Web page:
High Strength Concrete

In the fall of 2020, I was working in Fort McMurrary, Alberta on a project for Cummins Canada. It was a big yard that was being rehabbed. The yard before wasn’t very good; it had ruts and people would get stuck a lot. They have an oversized forklift that is 25 000 kg and the need for a well-built yard was important. The year prior the old asphalt and gravel base was removed. They redid the subgrade and gravel base and paved asphalt on it. In 2020 they milled a layer off the asphalt to aggravate the surface to overlay the concrete on top of it. The concrete was an interesting process as they paved it with a huge concrete paving machine like you would with asphalt. It is a typical way to do airports and concrete highways. The minimum specification was 100mm thickness, but the majority was at least 125 mm thick.

The concrete mix used a fiber to increase the flexural strength without using rebar. This was an interesting way to do the reinforcement as its main purpose was to pave the concrete with the machine. If using rebar, the entire area would need to be done by hand. Rebar was used in some of the more vulnerable spots. The approaches to the shop were done with rebar for example. This is a high traffic and high load area so it’s important to have extra protection. With the fiber and the rebar, it created a very strong combination.

In one load of concrete the fibers were really clumped together in the mix. They were these big fur balls of the fiber it was a weird situation. It wasn’t too big of a deal, can just pick them out when they were spotted; but made for an interesting outcome. There was still enough of the fibers in the rest of the mix so it didn’t compromise the rest of the batch.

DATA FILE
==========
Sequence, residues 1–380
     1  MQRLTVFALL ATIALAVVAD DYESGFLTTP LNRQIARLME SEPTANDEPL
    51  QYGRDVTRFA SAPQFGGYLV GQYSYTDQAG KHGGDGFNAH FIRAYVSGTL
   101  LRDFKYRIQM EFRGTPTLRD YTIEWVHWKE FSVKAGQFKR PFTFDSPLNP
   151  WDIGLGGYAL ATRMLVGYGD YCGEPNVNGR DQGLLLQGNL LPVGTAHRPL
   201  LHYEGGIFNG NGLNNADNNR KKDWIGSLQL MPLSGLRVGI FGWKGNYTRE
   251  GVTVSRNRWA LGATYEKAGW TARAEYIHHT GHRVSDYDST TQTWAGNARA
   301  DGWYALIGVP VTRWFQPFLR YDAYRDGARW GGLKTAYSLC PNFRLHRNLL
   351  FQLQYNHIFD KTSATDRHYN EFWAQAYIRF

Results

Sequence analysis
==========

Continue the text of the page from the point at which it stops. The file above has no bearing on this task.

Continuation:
Since the machine needs a clearance on each side, every other row could be done by the machine. The inner rows were done by hand though. It was still a fairly quick process since the outer strips were already done. The contractors could use a smaller sit-in machine to smooth out the concrete since it could be supported on the concrete already poured by the machine.

There were complications with the project coordinating with the client and the contractor because the concrete needed to sit for 7–10 days before too much weight could go on it. The client wanted to be able to use their shop and have access since they were still in full production. We had to orchestrate the timing of the concrete pours with the days they needed them. And it was my job to make sure everything was done properly, and the client could keep access to the shop and ensure the contractor was able to keep the schedule going.

Liaison between the contractor and client was the majority of my role on site in order to make sure the contractor was doing a quality job and help them if they need anything from the client.

There were relief cuts in the concrete every 1.2-meter square to allow for flexing of the product. This was used to allow for flexing in the yard. And also, if the concrete is going to crack it will crack in the relief cuts. The end product was amazing and looked great. In the end The client was quite impressed with it.

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Cory Hisey

Cory Hisey

I am a Mechanical Engineer graduate and I am currently studying masters of Mechatronics Engineering.